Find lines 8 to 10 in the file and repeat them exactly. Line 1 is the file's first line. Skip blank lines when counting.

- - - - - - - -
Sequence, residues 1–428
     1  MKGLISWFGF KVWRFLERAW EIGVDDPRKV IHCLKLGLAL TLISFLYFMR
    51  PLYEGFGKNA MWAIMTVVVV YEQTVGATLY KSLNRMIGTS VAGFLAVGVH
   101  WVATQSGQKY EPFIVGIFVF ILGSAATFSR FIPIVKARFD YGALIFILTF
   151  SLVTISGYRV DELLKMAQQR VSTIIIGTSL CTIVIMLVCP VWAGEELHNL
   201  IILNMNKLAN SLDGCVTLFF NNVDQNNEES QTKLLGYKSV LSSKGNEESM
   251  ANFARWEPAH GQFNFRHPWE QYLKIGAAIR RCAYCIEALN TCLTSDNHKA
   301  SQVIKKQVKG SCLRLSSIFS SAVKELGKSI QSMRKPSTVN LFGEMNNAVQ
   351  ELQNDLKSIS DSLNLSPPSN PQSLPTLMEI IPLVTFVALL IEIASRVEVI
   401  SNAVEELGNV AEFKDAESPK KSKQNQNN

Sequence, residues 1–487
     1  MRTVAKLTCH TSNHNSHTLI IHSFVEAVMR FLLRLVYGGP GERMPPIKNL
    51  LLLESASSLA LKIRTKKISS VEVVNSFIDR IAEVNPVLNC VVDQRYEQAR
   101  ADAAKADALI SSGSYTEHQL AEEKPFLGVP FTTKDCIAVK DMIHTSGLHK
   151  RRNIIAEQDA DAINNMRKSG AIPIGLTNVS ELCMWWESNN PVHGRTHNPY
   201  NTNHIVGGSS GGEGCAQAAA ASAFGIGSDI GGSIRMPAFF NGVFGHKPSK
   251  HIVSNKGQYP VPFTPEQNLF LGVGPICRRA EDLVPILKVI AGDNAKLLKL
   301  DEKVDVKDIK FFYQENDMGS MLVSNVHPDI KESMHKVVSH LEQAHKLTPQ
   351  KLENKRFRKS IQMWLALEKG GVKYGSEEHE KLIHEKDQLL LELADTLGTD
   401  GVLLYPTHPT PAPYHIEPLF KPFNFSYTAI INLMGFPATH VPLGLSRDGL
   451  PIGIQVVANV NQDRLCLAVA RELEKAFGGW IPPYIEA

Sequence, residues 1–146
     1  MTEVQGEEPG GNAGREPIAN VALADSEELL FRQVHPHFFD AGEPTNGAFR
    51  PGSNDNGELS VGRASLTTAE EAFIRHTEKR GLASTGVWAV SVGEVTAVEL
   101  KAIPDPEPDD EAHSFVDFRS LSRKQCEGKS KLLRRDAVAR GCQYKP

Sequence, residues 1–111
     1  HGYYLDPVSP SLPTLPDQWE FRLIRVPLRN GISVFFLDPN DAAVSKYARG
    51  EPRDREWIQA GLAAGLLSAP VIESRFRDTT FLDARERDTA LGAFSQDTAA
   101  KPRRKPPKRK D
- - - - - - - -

   301  SQVIKKQVKG SCLRLSSIFS SAVKELGKSI QSMRKPSTVN LFGEMNNAVQ
   351  ELQNDLKSIS DSLNLSPPSN PQSLPTLMEI IPLVTFVALL IEIASRVEVI
   401  SNAVEELGNV AEFKDAESPK KSKQNQNN